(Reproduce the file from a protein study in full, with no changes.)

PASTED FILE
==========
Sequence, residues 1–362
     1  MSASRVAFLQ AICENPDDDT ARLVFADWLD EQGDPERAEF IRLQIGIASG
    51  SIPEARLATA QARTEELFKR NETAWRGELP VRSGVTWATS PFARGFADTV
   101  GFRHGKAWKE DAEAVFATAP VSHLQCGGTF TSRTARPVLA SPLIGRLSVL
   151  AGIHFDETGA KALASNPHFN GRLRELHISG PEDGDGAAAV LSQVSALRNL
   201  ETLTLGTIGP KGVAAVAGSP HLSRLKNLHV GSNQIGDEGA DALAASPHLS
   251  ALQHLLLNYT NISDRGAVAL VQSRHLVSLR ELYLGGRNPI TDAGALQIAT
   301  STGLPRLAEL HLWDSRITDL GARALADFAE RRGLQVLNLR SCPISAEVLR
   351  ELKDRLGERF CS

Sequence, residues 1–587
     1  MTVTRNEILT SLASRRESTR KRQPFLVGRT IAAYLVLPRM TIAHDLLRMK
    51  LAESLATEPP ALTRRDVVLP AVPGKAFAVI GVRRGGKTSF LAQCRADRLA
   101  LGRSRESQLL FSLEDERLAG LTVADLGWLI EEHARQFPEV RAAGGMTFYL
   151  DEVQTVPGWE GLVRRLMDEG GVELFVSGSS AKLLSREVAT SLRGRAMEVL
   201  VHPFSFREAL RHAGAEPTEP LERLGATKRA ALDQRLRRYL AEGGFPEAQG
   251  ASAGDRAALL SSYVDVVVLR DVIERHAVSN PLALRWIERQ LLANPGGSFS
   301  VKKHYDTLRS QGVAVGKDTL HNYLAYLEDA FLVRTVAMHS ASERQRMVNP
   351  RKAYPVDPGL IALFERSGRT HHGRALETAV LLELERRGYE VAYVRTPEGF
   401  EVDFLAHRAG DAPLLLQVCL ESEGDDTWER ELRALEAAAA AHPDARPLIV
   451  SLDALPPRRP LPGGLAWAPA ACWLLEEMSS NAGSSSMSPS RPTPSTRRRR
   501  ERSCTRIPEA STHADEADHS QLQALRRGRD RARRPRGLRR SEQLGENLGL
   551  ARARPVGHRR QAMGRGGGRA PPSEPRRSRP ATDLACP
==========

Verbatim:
Sequence, residues 1–362
     1  MSASRVAFLQ AICENPDDDT ARLVFADWLD EQGDPERAEF IRLQIGIASG
    51  SIPEARLATA QARTEELFKR NETAWRGELP VRSGVTWATS PFARGFADTV
   101  GFRHGKAWKE DAEAVFATAP VSHLQCGGTF TSRTARPVLA SPLIGRLSVL
   151  AGIHFDETGA KALASNPHFN GRLRELHISG PEDGDGAAAV LSQVSALRNL
   201  ETLTLGTIGP KGVAAVAGSP HLSRLKNLHV GSNQIGDEGA DALAASPHLS
   251  ALQHLLLNYT NISDRGAVAL VQSRHLVSLR ELYLGGRNPI TDAGALQIAT
   301  STGLPRLAEL HLWDSRITDL GARALADFAE RRGLQVLNLR SCPISAEVLR
   351  ELKDRLGERF CS

Sequence, residues 1–587
     1  MTVTRNEILT SLASRRESTR KRQPFLVGRT IAAYLVLPRM TIAHDLLRMK
    51  LAESLATEPP ALTRRDVVLP AVPGKAFAVI GVRRGGKTSF LAQCRADRLA
   101  LGRSRESQLL FSLEDERLAG LTVADLGWLI EEHARQFPEV RAAGGMTFYL
   151  DEVQTVPGWE GLVRRLMDEG GVELFVSGSS AKLLSREVAT SLRGRAMEVL
   201  VHPFSFREAL RHAGAEPTEP LERLGATKRA ALDQRLRRYL AEGGFPEAQG
   251  ASAGDRAALL SSYVDVVVLR DVIERHAVSN PLALRWIERQ LLANPGGSFS
   301  VKKHYDTLRS QGVAVGKDTL HNYLAYLEDA FLVRTVAMHS ASERQRMVNP
   351  RKAYPVDPGL IALFERSGRT HHGRALETAV LLELERRGYE VAYVRTPEGF
   401  EVDFLAHRAG DAPLLLQVCL ESEGDDTWER ELRALEAAAA AHPDARPLIV
   451  SLDALPPRRP LPGGLAWAPA ACWLLEEMSS NAGSSSMSPS RPTPSTRRRR
   501  ERSCTRIPEA STHADEADHS QLQALRRGRD RARRPRGLRR SEQLGENLGL
   551  ARARPVGHRR QAMGRGGGRA PPSEPRRSRP ATDLACP